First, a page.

A decision by the B.C. Superintendent of Motor Vehicles to review the fact suspected drug-impaired drivers can't appeal roadside suspensions sheds light on the basic problem of how to deal with stoners behind the wheel.
Under B.C. law, suspected drunk drivers who are handed 24-hour driving bans by a police officer can appeal the decision to an adjudicator. The suspension, of course, will already have been served but a successful appeal could result in it being erased from the driver's record.
By contrast, someone pulled over for suspected drug-related impairment is not allowed to appeal their licence suspension to the same administrative adjudicator. Instead, they either have to convince the officer who issued the ban to reconsider or apply for a judicial review with the courts, CBC News reports.
A report released last February by noted criminologist Neil Boyd on overall marijuana enforcement policies touched on the problem of detecting pot-impaired drivers in a traffic stop, and the need for an appeal mechanism like the one available to drunk drivers.
"You shouldn't be driving under the influence of either drug," Boyd told CBC News.
"But I don't know why we would treat people who drive under the influence of alcohol somewhat more leniently in this context than people who drive under the influence of cannabis."
The double standard forces suspected drug-impaired drivers onto a more burdensome and potentially more costly route of fighting the suspension in court.
"It does seem like people are being treated differently, and certainly it raises concerns for me about access to justice and about people's ability actually to challenge these prohibitions," Vancouver lawyer Kyla Lee said, who specializes in impaired-driving cases, told CBC News.
"Not every prohibition is validly or justly issued, and there's a danger here that innocent people are being issued these prohibitions that have more consequences than just removal from the road for 24 hours."
The roadside ban can be used to justify a longer prohibition, said Lee, and remains on the driver's record.
CBC News noted that in 2012, the superintendent issued 7,326 24-hour suspensions to suspected drunk drivers and 3,800 suspensions for suspected drug intoxication. Of the alcohol-related bans, 172 were appealed and 33 were revoked.
Most of the appeals focused on the accuracy of the roadside breath-screening devices officers use to help decide whether to issue the ban. And that's where the process differs for suspected stoned drivers.
Currently officers do not have definitive way to determine on the spot whether a driver is impaired by drugs. Police rely on the familiar set of cognitive tests to determine a driver's physical co-ordination.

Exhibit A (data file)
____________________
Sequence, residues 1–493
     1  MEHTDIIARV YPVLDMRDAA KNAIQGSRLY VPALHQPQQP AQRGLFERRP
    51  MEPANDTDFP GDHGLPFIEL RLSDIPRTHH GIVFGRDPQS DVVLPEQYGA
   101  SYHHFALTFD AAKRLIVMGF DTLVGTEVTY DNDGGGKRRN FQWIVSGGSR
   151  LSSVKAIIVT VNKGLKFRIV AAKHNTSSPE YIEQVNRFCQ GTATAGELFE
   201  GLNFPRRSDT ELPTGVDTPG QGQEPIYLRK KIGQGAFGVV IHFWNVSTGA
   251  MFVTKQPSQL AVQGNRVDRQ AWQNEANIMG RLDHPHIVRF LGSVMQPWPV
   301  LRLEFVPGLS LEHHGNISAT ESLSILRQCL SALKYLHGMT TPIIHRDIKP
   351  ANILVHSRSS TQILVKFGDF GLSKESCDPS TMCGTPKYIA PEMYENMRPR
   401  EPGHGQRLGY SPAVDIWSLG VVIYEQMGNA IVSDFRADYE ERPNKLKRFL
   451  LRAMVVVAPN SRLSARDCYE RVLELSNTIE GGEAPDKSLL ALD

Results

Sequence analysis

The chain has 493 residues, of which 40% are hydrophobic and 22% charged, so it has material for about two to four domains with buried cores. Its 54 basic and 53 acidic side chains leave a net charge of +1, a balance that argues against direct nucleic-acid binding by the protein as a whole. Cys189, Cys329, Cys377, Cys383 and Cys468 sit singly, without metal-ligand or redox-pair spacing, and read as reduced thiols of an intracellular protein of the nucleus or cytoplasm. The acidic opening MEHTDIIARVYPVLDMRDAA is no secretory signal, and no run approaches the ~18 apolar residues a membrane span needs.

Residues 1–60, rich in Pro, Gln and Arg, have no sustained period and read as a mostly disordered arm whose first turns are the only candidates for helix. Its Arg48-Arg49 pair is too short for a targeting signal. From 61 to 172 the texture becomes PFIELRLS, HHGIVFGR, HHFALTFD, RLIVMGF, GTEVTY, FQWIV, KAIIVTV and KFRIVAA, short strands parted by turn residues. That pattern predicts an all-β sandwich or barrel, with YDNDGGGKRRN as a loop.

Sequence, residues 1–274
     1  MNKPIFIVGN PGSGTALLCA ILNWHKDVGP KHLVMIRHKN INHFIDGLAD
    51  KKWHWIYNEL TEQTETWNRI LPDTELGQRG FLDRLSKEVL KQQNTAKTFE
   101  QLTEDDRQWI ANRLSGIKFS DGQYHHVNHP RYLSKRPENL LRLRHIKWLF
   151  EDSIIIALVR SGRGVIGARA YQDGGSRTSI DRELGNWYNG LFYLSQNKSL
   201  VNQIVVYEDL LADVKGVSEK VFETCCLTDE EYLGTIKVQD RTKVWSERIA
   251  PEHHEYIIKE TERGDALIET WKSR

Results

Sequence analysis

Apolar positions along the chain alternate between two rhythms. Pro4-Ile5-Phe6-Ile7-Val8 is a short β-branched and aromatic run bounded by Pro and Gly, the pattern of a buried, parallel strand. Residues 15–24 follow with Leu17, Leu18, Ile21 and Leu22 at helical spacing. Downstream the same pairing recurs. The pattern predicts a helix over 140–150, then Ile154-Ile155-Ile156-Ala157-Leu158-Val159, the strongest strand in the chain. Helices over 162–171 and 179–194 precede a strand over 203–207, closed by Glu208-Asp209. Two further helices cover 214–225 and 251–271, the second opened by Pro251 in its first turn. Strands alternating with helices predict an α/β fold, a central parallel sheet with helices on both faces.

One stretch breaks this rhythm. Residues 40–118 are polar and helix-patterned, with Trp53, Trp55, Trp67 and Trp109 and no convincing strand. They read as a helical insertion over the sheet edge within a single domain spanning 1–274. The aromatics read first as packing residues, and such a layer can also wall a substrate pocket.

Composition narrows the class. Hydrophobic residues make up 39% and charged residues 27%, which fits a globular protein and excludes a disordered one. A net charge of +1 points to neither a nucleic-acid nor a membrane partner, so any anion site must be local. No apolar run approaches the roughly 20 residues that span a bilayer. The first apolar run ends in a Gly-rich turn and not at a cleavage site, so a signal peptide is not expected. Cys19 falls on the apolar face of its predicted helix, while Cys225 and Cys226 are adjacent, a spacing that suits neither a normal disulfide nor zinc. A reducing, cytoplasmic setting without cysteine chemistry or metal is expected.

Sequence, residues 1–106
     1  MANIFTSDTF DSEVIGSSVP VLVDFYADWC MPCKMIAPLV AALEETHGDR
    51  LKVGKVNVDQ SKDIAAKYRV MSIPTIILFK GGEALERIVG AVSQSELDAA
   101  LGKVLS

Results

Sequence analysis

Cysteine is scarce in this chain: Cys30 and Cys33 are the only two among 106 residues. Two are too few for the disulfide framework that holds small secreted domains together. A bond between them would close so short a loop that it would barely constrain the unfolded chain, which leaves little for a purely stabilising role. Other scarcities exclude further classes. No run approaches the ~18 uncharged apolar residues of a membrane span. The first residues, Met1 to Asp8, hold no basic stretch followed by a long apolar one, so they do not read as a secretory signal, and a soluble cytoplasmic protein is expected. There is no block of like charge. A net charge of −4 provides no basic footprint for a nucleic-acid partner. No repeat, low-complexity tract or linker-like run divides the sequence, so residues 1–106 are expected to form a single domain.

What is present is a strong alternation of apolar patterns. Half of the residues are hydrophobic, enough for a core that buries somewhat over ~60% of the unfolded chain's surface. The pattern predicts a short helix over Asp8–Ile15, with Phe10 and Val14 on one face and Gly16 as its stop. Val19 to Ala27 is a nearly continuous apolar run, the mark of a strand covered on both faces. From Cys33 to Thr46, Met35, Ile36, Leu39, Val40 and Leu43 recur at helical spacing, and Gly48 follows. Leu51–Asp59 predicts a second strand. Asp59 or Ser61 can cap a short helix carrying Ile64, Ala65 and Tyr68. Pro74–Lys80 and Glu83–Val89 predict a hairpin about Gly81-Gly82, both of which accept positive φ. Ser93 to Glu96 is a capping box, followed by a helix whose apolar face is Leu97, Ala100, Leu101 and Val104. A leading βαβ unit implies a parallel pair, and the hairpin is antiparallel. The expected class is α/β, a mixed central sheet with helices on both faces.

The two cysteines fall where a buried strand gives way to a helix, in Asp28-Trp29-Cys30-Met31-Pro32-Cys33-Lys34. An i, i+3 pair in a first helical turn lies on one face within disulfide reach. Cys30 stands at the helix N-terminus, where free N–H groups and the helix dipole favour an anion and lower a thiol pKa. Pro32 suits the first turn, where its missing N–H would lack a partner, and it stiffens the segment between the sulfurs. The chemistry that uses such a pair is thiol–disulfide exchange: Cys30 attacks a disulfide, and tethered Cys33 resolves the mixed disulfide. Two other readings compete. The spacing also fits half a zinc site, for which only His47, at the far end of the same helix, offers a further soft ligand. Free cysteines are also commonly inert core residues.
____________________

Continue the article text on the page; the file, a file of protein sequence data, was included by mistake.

In a report last year, MADD Canada said these techniques are time-consuming, unwieldy, fail to identify the "vast majority" of drug-impaired drives and leave the problem "dramatically under-enforced." It recommended joining Australia and several European countries that have introduced roadside saliva tests to screen for commonly used drugs.
As well, five out of 10 provinces – Ontario, Quebec, New Brunswick, Nova Scotia and P.E.I., don't even have provision for roadside suspensions related to drug impairment, the report noted.
Quebec has since stepped up enforcement, administering roadside tests for eye movement, balance and ability to walk. If a driver fails, that's followed by a trip to the police station for further testing and a potential impaired-driving charge, according to CTV News.
Drug-driving cases aren't necessarily cut and dried. There's no reason to arrest a driver if no actual drugs are found and sometimes even the suspicion of impairment can be questionable.
This year, two B.C. drivers had their suspensions overturned after going to court on arguments that their passengers had smoked pot but they had not, CBC News noted.
In one of the cases, the judge drew attention to the lack of an administrative review process to challenge an officer's conclusion that the driver was stoned, too.
"I reject the [police officer's] submission that there is no recourse to the exercise of the summary power granted under s.215(3) of the Motor Vehicle Act, whether or not the long term consequences for a persons' permanent driving record is unfair," Justice Mark McEwan wrote, according to CBC News. "That is simply not so."